Note on the e-text: this Renascence Editions text was provided by Ben R. Schneider, Lawrence University, Wisconsin. It is in the public domain. "Florio's Translation of Montaigne's Essays was first published in 1603. In 'The World's Classics' the first volume was published in 1904, and reprinted in 1910 and 1924." Content unique to this presentation is copyright © 1998 The University of Oregon. For nonprofit and educational uses only.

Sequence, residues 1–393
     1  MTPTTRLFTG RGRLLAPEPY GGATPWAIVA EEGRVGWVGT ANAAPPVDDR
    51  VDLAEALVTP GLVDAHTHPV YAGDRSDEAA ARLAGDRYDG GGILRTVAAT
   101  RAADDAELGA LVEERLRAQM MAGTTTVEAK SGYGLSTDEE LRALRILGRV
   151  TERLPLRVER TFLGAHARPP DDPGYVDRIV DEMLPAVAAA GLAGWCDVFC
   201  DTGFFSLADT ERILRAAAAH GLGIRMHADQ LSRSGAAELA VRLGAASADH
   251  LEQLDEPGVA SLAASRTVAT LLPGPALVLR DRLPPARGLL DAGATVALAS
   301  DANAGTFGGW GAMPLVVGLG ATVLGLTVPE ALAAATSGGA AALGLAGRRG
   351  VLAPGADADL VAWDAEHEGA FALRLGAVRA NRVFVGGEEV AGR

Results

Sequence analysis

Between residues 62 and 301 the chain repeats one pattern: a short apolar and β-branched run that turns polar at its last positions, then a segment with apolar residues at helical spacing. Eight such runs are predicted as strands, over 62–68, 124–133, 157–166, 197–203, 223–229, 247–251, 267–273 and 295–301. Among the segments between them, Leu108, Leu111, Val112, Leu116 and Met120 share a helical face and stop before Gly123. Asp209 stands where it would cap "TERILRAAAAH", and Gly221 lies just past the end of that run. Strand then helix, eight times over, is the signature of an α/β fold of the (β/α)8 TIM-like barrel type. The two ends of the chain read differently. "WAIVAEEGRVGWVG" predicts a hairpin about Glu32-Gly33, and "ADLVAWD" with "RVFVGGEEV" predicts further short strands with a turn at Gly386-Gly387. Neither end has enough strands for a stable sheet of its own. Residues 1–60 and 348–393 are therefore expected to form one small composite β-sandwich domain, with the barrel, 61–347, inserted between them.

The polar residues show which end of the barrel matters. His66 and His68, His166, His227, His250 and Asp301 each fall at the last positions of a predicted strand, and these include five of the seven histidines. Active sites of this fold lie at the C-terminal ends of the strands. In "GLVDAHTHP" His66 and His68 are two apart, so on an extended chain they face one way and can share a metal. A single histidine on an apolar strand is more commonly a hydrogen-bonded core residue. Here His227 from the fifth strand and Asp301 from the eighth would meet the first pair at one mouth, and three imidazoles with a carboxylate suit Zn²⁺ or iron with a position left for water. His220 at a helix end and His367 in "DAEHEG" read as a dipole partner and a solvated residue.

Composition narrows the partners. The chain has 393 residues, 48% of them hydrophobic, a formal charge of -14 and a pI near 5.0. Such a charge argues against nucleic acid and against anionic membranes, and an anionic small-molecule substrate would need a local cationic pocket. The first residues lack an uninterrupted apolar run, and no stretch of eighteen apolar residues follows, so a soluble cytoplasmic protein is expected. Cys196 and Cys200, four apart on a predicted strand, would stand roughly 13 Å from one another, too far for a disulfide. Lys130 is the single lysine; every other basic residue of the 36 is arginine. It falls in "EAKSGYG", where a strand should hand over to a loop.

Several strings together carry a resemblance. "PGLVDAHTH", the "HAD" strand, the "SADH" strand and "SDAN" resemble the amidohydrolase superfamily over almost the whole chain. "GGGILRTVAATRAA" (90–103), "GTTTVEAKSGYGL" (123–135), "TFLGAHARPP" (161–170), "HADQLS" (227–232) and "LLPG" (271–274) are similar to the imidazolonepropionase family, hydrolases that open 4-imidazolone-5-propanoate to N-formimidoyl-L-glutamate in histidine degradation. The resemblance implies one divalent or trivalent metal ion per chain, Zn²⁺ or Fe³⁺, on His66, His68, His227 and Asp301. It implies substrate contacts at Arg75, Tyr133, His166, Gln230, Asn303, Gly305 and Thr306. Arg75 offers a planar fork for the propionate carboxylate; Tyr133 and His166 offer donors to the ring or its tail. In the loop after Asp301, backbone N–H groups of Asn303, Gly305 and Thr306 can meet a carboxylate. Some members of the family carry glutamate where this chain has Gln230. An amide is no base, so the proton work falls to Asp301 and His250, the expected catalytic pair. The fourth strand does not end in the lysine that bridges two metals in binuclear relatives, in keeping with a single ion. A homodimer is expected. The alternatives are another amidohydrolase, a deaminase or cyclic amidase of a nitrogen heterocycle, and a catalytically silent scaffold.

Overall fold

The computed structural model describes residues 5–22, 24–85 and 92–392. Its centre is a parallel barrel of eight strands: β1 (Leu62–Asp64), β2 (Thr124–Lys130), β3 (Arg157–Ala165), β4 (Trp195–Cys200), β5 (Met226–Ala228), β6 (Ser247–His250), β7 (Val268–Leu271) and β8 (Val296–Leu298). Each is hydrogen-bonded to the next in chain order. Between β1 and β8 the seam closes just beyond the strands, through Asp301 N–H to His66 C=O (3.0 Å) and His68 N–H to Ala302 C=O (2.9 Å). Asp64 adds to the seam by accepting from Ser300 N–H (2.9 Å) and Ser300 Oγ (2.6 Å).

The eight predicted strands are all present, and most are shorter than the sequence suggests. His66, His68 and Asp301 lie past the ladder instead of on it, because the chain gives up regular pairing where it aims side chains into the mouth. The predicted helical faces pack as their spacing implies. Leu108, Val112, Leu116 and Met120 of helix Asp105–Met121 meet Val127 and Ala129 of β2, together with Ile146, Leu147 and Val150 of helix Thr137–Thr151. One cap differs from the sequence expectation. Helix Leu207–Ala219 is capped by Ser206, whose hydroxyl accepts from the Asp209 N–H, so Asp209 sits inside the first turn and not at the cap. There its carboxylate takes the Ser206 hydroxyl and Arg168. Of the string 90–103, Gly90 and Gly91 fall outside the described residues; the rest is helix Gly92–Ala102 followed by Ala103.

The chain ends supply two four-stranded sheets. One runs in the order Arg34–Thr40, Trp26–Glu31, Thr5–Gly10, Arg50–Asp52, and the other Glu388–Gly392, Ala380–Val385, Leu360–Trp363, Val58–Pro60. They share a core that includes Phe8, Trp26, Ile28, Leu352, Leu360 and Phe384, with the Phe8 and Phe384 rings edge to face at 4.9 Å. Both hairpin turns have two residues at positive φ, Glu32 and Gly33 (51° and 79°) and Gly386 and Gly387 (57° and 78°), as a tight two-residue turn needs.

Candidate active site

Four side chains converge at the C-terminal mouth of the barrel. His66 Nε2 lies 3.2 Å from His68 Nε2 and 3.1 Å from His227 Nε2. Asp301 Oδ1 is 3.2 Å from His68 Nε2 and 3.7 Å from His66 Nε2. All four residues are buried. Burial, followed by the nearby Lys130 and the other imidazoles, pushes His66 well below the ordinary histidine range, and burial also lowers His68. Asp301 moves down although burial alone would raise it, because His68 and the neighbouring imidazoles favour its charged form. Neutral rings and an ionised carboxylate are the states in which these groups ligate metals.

T IS a pleasant imagination to conceive a spirit iustly ballanced betweene two equall desires. For, it is not to be doubted, that he shall never be reso lved upon any match: forsomuch as the application and choise brings all the inequality of prise: And who should place us betweene a bottle of wine and a gammon of bacon, with an equall appetite to eat and drinke, doubtlesse there were noe remedy, but to die of thirst and of hunger. To provide against this inconvenient, when the Stoikes were demanded whence the election of two indifferent things commeth into our soule (and which causeth that from out a great number of Crownes or Angells we rather take one then another, when there is no reason to induce us to preferre any one before others) they answer, that this motion of the soule is extraorainarie and irregular comming into us by a strange, accidentall and casuall impulsion. In my opinion, it might rather be said that nothing is presented unto us, wherein there is not some difference, how light so ever it bee: And that either to the sight, or to the feeling, there is ever some choice, which tempteth and drawes us to it, though imperceptible and not to bee distinguished. In like manner, hee that shall presuppose a twine-thrid equally strong all through, it is impossible by all possibility that it should break, for, where would you have the flaw or breaking to beginne? And at once to break in all places together is not in nature. The Geometricall propositions which, by the certainty of their demonstrations, conclude the contained greater then the containing, and the centre as great as his circumference; and that finde two lines uncessantly approaching one unto another, which yet can never meete and joyne together; and the Philosophers stone, and quadrature of the circle, where the reason and the effects are so opposite: might peradventure draw thence some argument to salve and helpe this bold speech of Plinie: Solum certum, nihil esse certi, et homine nihil miserius aut superbius: (1 PLIN. Nat. Hist. 1. ii. 7.) 'This only is sure, that there is nothing sure; and nothing more miserable, and yet more arrogant then man.'